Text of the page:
This could be any number of things, but I'll take a stab at it. I believe a financial advisor's role, expertise and time is best suited to orchestrate the comprehensive wealth management process and provide the client the philosophical, psychological and historical context necessary to help them stay the course during times of uncertainty and volatility. I believe the actual portfolio management should be left to professional portfolio managers who spend all day, every day immersed in the markets. A sole practitioner simply doesn't have the bandwidth to compete effectively in this extremely demanding arena.

Now one caveat: If you have a large multidimensional team and one of the members is an extremely talented portfolio manager with a very style specific model, then feel free to go to town. Simply wrap your other portfolio managers around that style and you're home free.

3.“I'm a control freak and have trouble delegating”.

This is a relatively common malady that afflicts people in our industry, myself included. Let me try another metaphor. As parents we have all gone through the process of teaching our children how to make the bed. We patiently show them the process, observe their progress and after some period of time they master the new skill. Now if we used the approach with our children that I often see us use with our staff here's what would happen: we would quickly show them how to make the bed, hover over them, get extremely upset when they didn't perform up to our standards and finally get so frustrated that we simply push them aside and make the bed ourselves.

The most common excuse I hear from advisers doing staff work is, “I can do it faster and with better results than my staff can”! This is nothing to brag about. If we took this approach with our children we would still be making their bed when they were 30! Take the time to help your staff master the skills and techniques necessary to do their jobs, which will liberate you to do yours.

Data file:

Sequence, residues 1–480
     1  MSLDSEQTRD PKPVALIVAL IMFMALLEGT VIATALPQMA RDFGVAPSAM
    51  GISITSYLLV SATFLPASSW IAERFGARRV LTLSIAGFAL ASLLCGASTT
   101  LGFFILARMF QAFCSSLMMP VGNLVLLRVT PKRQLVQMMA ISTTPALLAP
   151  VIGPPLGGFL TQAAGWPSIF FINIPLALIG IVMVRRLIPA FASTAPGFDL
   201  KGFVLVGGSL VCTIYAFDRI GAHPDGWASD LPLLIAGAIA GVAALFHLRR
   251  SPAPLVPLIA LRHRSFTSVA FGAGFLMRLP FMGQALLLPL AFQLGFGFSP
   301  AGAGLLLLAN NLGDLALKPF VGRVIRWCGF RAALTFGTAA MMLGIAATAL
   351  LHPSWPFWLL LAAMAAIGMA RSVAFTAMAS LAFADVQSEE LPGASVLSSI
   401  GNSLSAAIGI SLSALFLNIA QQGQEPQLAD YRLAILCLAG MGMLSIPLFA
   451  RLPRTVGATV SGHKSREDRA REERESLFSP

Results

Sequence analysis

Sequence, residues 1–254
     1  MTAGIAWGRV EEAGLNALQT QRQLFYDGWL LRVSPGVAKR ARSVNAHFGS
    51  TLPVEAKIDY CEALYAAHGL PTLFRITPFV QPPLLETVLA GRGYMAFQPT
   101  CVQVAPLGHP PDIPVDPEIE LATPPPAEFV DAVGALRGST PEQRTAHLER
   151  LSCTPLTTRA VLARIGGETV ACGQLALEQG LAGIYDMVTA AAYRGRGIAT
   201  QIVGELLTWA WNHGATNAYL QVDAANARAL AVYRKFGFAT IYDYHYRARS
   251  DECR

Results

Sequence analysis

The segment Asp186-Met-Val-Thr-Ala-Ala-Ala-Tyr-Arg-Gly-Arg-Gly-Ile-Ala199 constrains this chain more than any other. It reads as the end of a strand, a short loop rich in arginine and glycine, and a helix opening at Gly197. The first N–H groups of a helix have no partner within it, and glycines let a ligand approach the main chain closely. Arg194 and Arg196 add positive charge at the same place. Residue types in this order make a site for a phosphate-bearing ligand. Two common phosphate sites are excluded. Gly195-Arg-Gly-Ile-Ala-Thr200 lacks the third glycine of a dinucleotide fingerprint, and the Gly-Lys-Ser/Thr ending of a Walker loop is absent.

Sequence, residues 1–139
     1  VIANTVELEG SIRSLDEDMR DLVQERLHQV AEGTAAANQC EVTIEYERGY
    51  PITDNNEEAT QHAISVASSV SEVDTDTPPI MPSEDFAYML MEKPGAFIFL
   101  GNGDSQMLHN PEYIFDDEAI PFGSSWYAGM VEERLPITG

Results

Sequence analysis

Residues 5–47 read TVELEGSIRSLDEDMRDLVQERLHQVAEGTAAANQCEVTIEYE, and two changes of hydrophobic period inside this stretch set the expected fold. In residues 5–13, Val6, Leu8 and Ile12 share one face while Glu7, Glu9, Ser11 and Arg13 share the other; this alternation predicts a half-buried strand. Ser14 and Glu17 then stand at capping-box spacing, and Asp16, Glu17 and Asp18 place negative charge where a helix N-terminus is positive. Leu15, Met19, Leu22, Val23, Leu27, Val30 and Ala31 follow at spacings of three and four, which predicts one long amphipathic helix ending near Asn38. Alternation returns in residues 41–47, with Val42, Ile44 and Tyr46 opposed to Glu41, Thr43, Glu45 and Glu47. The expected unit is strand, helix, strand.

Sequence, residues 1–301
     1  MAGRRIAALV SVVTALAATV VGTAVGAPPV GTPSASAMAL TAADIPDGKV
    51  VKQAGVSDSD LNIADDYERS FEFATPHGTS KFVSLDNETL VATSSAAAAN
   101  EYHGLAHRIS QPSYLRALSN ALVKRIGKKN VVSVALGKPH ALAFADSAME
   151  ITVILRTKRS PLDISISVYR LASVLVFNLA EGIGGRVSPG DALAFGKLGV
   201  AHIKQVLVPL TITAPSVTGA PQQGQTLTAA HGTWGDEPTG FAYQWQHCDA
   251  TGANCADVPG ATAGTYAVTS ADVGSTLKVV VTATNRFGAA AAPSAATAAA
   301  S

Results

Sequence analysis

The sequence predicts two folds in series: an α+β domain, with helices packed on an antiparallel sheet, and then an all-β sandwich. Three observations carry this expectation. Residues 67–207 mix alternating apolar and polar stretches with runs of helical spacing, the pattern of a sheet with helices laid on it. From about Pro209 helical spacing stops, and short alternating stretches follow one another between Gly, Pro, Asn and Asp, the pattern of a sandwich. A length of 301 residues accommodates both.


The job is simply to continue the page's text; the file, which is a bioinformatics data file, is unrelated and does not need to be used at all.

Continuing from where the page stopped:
By attacking these three issues and adding a junior partner to take the bottom 150 relationships, I think the burden on both Trent and the staff could be dramatically reduced.

Paul Blease, is the Director of CEO Advisor Institute at OppenheimerFunds, Inc., the sponsor of the first season of InvestmentNews' new web video series, Practice Makeover.

These views represent the opinions of OppenheimerFunds, Inc. and are not intended as investment advice or to predict or depict the performance of any investment. These views are as of the date of this presentation and are subject to change based on subsequent developments.

Shares of Oppenheimer funds are not deposits or obligations of any bank, are not guaranteed by any bank, are not insured by the FDIC or any other agency, and involve investment risks, including the possible loss of the principal amount invested.

Oppenheimer funds are distributed by OppenheimerFunds Distributor, Inc. Two World Financial Center, 225 Liberty Street, New York, NY 10281-1008 © 2014 OppenheimerFunds Distributor, Inc. All rights reserved.

  @IN Wire

Jul 23 09:00PM
?What have you done for me lately?? http://t.co/SHO6gtVyld
Jul 23 08:43PM
The retail money fund houses are clearly happy. Fidelity: "a reasonable balance" Vanguard: "rules preserve integrity of money funds"